Helping Medical Professionals During COVID-19
The level of risk in patient care today is higher than most providers ever considered when choosing medicine as a profession. The war metaphors being used in the Covid-19 fight aptly fit the threat doctors are experiencing. To emotionally bolster staff and lessen residual trauma, medical leaders and front line providers can benefit from applying well refined military crisis leadership strategies.
I recently discussed five essential components with fellow psychiatrist and former Navy Captain, Paul Hammer, MD.
MISSION: The leader makes meaning for the teams’ mission, discussing why their undertaking is important and why each role is crucial.
LEADERSHIP TRUST: The team trusts their leader prioritizes their safe passage through the battle.
SPECIFICITY OF SUCCESS: Success is concretely defined and only encompasses areas that they can control.
POST MISSION DEBRIEF: After the battle, leaders recognize all that was accomplished in spite of the challenges.
SUPPORTIVE FOLLOWUP: Availability of on-call support for emotions that arise after the group disperses.
For leaders wanting to provide the best outcome for their team and support for their members, lessons from the military include:
- Communicate the why behind what you are doing. This builds confidence and commitment. Speak about why you choose to be at the hospital, in spite of the risk and anxiety it brings; put into words what you value about being there, what your presence means to patients and others depending on your care. Share what each team member brings to the team, what would be missing if any one of them was not there.
- Team leaders can build trust by checking staffs' fatigue, tension and fears as they work. To empower team members, point out their capabilities. Help problem solve by brainstorming solutions together. Encourage time out when you see signs of exhaustion.
- Project calm to bring everyone’s emotional activation down. Let the team know you are a port in the storm. Show you are in this together. Be honest about the difficult situations you face; not being able to provide optimal care, being frustrated by policies or people, feeling the systems has let them or their patients down. Empathize they may face situations with no good answers. Model that this is a time to stop using shame and blame.
- Build psychological resilience during times of high patient death and limited resources by applying a mindset of success measured in maintaining focus on what they can control in spite of all they cannot.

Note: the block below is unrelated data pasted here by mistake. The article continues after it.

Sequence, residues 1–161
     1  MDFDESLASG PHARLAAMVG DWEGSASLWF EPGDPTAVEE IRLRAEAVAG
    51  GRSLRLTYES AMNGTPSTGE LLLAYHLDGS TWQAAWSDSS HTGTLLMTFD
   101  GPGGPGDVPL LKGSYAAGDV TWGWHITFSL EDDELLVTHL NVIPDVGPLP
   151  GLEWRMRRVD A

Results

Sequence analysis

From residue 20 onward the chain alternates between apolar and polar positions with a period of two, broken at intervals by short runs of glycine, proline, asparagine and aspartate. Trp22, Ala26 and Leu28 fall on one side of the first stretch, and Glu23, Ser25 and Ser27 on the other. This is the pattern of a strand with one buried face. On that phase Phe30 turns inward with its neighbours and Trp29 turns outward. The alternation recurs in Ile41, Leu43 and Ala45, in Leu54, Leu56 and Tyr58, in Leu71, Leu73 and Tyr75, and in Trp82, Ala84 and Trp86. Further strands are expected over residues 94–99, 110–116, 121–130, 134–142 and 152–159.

- Remind staff to set realistic expectations for themselves, understanding they are working in never before experienced and ever changing circumstance with people who are tired and anxious. This is especially important in healthcare settings where providers are notoriously self-critical about problems they can’t overcome.
- Give them support to put aside negative thoughts to keep focused and moving ahead. When you check in, expand your usual question from, “How are you doing, everything ok?” to “What is most stressful/challenging/difficult right now?” and “What could you use help with?”
- Post-shift, acknowledge the reality of what the circumstances prevented their doing, the loss and grief they faced. Recognize their strengths in carrying on in spite of this.
Cathy Lanteri, MD, FAPA
Cathy Lanteri, MD, brings a distinctive breadth of expertise in human behavior, leadership, and communications to help healthcare leaders and front line clinicians find clarity, cohesion, and action in the midst of enormous pressure. As an executive coach and consult with The Leadership Development Group she helps clients to strategize and strengthen their effectiveness. Dr. Lanteri’s coaching draws from working with healthcare and medical industry leaders as well as 25 years of medical experience - at major Harvard teaching hospitals, developing a community satellite clinic, and in private practice. She combines this with knowledge of human dynamics and neurobehavior to heighten leadership performance.
Outside of her coaching and medical practice, Dr. Lanteri serves on multiple committees at Massachusetts Medical Society and is on the Board of Directors for Physicians Insurance Agency of Massachusetts. She speaks nationally on career leadership, communications, and burnout prevention. She is on the advisory board of the Physician Coaching Institute, where she developed educational programing for graduate coaches.
Paul Hammer, MD; FAPA; CAPT, MC, USN(RET)
Dr. Hammer is a staff psychiatrist at Island Hospital, Anacortes, Washington. He has worked extensively with military organizations and is past president of the Academy of Organizational and Occupational Psychiatry. Dr. Hammer served 2 tours in Iraq and held the positions of Director of the Department of Defense Centers of Excellence for Psychological Health and Traumatic Brain Injury as well as Director of the Naval Center for Combat and Operational Stress Control in San Diego.